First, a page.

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Pushed to Address Systemic Racism, Museums Face a Reckoning

The statue of Theodore Roosevelt outside the American Museum of Natural History in New York was covered with a blood-like substance by activists demanding its removal on October 26, 2017. Photo by Erik McGregor/LightRocket. Image via Getty Images.

The statue of Theodore Roosevelt outside the American Museum of Natural History in New York was covered with a blood-like substance by activists demanding its removal on October 26, 2017. Photo by Erik McGregor/LightRocket. Image via Getty Images.

The past month has been a period of reckoning for museums and art institutions across the United States and beyond, as a deluge of open letters was released, calling on museums big and small to confront their pervasive cultures of racism. From Dismantle NOMA’s demands to undo “the plantation-like culture” at the New Orleans Museum of Art, to Decolonize Latinx’s call for Latinx art institutions “to name anti-Black racism and begin the work of establishing new practices that resist and reject white supremacy”—and related efforts by current and former staff at SFMOMA, the Smithsonian’s National Museum of African Art, the Art Institute of Chicago, the Guggenheim Museum, and elsewhere—the drive to address and act against the ills and racial disparities in the art world is rightfully gaining momentum. Now the question is: How will museums respond to these resounding calls for change?
In this watershed moment—spurred by the massive uprisings and protests in response to the killings of George Floyd, Breonna Taylor, Ahmaud Arbery, Tony McDade, and too many others—we have seen institutions responding to these demands with some urgency. On June 21st, after years of ongoing protests from activist groups such as Decolonize this Place and the Monument Removal Brigade, the American Museum of Natural History in New York finally decided to remove the statue of Theodore Roosevelt from the museum’s front steps. For many, the monument symbolized white violence perpetrated against Black and Indigenous bodies. Earlier last month, across the pond, the statue of 18th-century slave trader Robert Milligan was removed outside the Museum of London Docklands in response to community outcry. Days before, protesters tore down a statue of slave trader Edward Colston in Bristol.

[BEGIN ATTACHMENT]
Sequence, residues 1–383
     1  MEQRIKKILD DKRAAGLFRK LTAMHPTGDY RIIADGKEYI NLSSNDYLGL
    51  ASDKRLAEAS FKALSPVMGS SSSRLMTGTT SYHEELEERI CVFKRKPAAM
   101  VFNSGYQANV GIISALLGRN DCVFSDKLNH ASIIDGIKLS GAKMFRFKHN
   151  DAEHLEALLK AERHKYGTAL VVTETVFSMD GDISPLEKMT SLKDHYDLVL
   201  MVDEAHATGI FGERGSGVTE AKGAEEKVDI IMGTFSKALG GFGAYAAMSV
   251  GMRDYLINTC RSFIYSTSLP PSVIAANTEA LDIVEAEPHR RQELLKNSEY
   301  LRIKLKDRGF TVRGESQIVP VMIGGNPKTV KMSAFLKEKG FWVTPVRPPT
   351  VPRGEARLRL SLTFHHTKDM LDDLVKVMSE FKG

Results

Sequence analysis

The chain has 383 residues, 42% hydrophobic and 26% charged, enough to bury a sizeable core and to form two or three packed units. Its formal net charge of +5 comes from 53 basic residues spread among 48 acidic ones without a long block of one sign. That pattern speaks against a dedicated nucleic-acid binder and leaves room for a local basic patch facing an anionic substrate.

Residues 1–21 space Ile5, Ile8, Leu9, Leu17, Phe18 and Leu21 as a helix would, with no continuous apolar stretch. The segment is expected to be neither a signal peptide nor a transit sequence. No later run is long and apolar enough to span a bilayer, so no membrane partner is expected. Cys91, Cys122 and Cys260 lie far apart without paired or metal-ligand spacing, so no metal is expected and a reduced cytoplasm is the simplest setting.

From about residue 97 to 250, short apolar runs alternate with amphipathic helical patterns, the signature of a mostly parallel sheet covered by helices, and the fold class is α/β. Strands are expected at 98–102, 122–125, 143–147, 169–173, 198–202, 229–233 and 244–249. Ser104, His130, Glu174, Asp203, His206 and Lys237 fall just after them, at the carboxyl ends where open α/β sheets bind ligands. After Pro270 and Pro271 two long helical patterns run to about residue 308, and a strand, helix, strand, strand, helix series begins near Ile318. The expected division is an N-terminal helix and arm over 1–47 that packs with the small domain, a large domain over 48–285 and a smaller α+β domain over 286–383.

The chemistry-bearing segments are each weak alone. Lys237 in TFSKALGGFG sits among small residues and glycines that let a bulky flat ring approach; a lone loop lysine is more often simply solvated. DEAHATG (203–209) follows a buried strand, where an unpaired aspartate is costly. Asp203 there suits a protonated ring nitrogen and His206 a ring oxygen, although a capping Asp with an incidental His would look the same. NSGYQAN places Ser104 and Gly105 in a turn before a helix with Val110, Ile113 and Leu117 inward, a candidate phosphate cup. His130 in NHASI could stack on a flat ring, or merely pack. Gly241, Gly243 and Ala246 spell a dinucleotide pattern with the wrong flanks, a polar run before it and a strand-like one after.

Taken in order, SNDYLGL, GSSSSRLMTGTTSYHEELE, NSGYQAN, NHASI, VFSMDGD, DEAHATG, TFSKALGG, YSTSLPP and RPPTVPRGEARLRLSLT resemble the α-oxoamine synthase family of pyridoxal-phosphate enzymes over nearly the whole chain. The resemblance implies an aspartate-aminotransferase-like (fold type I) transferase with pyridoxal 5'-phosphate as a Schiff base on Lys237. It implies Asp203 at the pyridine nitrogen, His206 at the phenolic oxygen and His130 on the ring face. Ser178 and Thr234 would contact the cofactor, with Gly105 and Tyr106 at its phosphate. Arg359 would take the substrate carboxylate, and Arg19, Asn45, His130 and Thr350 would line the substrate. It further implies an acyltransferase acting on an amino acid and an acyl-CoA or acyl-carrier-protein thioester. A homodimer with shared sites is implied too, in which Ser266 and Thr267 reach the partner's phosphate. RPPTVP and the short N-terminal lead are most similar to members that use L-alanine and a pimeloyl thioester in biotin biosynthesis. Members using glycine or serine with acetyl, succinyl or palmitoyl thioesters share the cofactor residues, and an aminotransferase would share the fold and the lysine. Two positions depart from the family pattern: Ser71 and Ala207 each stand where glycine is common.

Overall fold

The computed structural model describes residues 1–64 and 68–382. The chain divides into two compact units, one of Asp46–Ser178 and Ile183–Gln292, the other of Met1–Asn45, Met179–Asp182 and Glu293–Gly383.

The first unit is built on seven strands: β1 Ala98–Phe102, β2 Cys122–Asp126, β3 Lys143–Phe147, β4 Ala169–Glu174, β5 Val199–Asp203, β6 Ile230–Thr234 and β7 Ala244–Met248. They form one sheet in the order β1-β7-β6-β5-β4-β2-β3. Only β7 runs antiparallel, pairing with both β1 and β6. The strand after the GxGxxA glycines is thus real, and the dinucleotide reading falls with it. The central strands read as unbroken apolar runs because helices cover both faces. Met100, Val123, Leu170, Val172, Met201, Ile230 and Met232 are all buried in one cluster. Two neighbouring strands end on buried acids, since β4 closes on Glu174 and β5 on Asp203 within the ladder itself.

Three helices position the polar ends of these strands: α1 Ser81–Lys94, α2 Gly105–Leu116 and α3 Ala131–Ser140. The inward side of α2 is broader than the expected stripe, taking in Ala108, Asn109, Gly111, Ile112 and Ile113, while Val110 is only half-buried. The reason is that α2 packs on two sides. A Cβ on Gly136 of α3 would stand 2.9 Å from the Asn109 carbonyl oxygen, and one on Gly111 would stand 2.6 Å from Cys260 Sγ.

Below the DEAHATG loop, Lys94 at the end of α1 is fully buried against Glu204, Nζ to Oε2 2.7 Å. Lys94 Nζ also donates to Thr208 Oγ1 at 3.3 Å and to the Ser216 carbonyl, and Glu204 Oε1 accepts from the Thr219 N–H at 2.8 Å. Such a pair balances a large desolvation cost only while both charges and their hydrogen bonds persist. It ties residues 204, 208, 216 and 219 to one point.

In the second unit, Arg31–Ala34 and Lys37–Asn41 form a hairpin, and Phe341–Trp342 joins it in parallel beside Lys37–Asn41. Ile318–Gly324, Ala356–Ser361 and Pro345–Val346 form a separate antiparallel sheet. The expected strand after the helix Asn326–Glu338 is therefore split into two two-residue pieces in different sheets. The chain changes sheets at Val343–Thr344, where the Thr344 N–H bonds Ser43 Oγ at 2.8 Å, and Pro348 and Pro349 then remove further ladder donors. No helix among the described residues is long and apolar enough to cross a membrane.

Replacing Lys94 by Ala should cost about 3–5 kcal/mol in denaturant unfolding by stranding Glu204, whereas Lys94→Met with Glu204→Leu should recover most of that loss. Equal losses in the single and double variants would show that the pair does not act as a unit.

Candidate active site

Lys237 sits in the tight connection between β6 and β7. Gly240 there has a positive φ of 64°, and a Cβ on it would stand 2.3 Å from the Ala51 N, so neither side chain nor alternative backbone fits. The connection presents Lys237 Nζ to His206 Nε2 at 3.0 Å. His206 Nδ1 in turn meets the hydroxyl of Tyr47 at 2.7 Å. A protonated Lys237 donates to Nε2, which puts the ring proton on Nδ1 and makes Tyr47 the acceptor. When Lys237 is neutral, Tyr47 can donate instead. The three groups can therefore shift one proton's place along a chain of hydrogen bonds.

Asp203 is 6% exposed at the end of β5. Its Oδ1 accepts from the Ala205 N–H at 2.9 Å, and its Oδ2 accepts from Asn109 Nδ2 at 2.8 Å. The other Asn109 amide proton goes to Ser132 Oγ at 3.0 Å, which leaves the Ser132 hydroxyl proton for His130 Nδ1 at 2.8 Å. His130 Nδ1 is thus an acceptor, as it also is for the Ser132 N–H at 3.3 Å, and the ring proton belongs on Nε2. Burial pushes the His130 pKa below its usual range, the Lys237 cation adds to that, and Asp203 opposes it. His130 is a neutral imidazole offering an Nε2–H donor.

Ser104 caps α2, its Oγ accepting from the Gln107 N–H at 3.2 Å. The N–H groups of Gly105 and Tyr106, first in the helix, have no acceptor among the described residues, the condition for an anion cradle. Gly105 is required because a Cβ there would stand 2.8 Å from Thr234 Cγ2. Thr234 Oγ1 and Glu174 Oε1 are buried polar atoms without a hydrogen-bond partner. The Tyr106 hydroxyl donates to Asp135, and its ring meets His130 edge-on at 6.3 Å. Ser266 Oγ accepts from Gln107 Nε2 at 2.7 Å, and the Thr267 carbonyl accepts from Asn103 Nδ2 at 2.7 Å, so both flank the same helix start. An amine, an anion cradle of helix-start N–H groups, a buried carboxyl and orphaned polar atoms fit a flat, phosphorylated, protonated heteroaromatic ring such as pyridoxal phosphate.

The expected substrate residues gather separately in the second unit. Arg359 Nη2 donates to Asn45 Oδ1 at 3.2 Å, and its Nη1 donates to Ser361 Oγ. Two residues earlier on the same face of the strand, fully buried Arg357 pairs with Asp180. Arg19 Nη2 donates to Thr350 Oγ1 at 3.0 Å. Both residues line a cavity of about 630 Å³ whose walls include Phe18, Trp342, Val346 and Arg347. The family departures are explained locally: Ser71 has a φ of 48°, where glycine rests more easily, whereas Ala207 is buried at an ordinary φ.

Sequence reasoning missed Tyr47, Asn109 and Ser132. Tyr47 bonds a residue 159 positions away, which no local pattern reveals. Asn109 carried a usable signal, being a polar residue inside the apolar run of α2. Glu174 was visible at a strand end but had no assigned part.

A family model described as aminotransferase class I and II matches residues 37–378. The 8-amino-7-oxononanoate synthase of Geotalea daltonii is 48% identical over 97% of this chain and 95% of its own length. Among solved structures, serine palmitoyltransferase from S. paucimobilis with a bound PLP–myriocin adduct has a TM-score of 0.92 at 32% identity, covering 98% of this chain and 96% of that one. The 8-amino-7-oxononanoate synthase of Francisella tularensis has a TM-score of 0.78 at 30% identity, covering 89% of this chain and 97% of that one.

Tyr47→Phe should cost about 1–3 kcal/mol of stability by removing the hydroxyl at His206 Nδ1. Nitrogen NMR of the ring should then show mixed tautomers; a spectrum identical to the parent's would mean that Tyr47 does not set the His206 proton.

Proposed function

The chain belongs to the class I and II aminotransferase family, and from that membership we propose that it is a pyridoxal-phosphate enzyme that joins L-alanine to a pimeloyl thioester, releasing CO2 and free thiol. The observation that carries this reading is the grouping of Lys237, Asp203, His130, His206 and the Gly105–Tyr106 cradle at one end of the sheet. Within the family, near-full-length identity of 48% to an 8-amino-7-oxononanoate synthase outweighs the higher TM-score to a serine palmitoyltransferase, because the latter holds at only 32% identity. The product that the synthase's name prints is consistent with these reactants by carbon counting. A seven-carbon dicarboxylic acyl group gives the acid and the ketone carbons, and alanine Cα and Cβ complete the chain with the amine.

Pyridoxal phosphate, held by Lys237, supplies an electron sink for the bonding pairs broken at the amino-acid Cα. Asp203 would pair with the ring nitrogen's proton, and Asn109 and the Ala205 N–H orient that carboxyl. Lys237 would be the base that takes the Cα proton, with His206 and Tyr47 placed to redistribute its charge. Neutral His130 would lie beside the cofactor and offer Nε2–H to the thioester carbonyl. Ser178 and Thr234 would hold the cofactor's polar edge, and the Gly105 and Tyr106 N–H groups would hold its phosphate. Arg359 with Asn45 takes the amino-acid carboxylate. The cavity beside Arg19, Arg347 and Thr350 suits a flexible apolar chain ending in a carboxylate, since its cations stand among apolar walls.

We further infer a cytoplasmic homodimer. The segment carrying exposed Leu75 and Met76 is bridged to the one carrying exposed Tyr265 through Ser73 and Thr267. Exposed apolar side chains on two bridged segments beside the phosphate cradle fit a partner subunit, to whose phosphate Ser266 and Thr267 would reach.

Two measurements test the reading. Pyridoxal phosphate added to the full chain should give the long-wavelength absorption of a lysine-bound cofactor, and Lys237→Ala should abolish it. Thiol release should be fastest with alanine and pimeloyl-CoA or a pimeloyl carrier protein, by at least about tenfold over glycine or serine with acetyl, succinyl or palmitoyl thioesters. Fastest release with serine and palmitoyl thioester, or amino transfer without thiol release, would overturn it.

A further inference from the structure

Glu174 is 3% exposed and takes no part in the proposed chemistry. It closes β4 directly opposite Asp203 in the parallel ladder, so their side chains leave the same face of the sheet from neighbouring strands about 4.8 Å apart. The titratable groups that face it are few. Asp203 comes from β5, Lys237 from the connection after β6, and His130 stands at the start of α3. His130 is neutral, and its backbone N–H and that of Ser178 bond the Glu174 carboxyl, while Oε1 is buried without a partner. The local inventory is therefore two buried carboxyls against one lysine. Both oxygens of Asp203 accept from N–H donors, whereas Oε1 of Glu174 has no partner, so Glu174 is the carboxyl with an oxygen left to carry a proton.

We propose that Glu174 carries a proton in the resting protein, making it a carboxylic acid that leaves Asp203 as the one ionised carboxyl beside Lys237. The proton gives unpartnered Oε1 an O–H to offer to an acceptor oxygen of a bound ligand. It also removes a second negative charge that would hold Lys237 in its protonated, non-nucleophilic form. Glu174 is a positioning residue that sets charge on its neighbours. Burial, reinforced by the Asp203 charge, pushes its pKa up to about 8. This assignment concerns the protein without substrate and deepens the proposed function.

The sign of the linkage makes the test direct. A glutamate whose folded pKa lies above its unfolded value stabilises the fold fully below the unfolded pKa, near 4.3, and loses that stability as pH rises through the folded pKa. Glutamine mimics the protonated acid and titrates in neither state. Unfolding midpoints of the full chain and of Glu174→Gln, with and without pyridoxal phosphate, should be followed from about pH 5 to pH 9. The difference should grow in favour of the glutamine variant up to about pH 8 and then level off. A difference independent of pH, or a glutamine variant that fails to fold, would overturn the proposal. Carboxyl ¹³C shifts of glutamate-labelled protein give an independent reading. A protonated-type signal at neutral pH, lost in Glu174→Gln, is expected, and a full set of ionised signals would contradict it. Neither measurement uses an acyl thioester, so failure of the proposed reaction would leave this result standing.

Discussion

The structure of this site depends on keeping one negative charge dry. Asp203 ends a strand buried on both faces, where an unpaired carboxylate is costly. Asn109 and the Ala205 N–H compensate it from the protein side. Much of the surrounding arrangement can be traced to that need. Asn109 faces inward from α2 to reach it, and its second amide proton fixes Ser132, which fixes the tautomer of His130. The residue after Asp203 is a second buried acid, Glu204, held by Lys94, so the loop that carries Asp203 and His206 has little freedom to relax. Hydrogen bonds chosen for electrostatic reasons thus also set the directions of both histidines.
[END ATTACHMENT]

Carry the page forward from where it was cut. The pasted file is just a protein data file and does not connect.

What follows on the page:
While these actions are surely steps in the right direction, they only scratch at the surface of the long-standing problems of racism and inequality that have historically plagued cultural institutions. Many are asking for more enduring and structural changes that address issues of racial equity and diversity, as opposed to cosmetic gestures of performative allyship and virtue signaling.
Last week, in response to a series of internal demands, the Metropolitan Museum of Art released a list of 13 commitments the museum plans to implement immediately to create “a more open, welcoming, and equitable institution.” The Met’s plan addresses many of the demands in an open letter penned by For the Culture 2020, a group of New York City museum workers committed to an anti-racist agenda across all museums. Included in the Met’s plan are commitments to hire a chief diversity officer (CDO); require anti-racist and anti-bias training for trustees, employees, and volunteers in the next year, and every year thereafter for employees and volunteers; hire Black, Indigenous, and people of color (BIPOC) candidates to department head and senior leadership roles; and implement a pipeline of BIPOC individuals, specifically from historically Black colleges and universities (HBCUs), for internships, fellowships, and permanent positions, just to name a few. Not listed, however, is a commitment to support the movement to defund the police by ending all the museum’s contracts with the NYPD, as outlined in For the Culture 2020’s open letter (and as some other museums have done).